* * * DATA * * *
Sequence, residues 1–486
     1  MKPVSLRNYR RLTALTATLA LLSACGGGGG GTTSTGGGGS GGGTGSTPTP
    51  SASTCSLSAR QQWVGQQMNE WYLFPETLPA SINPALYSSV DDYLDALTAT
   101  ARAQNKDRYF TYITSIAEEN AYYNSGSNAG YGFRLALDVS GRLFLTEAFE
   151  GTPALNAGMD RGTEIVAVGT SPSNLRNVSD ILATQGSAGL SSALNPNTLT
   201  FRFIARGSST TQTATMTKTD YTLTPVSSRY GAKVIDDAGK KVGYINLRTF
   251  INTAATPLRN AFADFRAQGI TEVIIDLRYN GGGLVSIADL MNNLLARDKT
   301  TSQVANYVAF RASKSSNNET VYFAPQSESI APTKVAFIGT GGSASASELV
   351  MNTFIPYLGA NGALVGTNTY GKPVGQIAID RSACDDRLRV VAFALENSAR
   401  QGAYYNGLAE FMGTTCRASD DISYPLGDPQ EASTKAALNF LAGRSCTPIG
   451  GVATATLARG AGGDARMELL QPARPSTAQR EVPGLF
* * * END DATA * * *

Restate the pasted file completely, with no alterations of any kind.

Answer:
Sequence, residues 1–486
     1  MKPVSLRNYR RLTALTATLA LLSACGGGGG GTTSTGGGGS GGGTGSTPTP
    51  SASTCSLSAR QQWVGQQMNE WYLFPETLPA SINPALYSSV DDYLDALTAT
   101  ARAQNKDRYF TYITSIAEEN AYYNSGSNAG YGFRLALDVS GRLFLTEAFE
   151  GTPALNAGMD RGTEIVAVGT SPSNLRNVSD ILATQGSAGL SSALNPNTLT
   201  FRFIARGSST TQTATMTKTD YTLTPVSSRY GAKVIDDAGK KVGYINLRTF
   251  INTAATPLRN AFADFRAQGI TEVIIDLRYN GGGLVSIADL MNNLLARDKT
   301  TSQVANYVAF RASKSSNNET VYFAPQSESI APTKVAFIGT GGSASASELV
   351  MNTFIPYLGA NGALVGTNTY GKPVGQIAID RSACDDRLRV VAFALENSAR
   401  QGAYYNGLAE FMGTTCRASD DISYPLGDPQ EASTKAALNF LAGRSCTPIG
   451  GVATATLARG AGGDARMELL QPARPSTAQR EVPGLF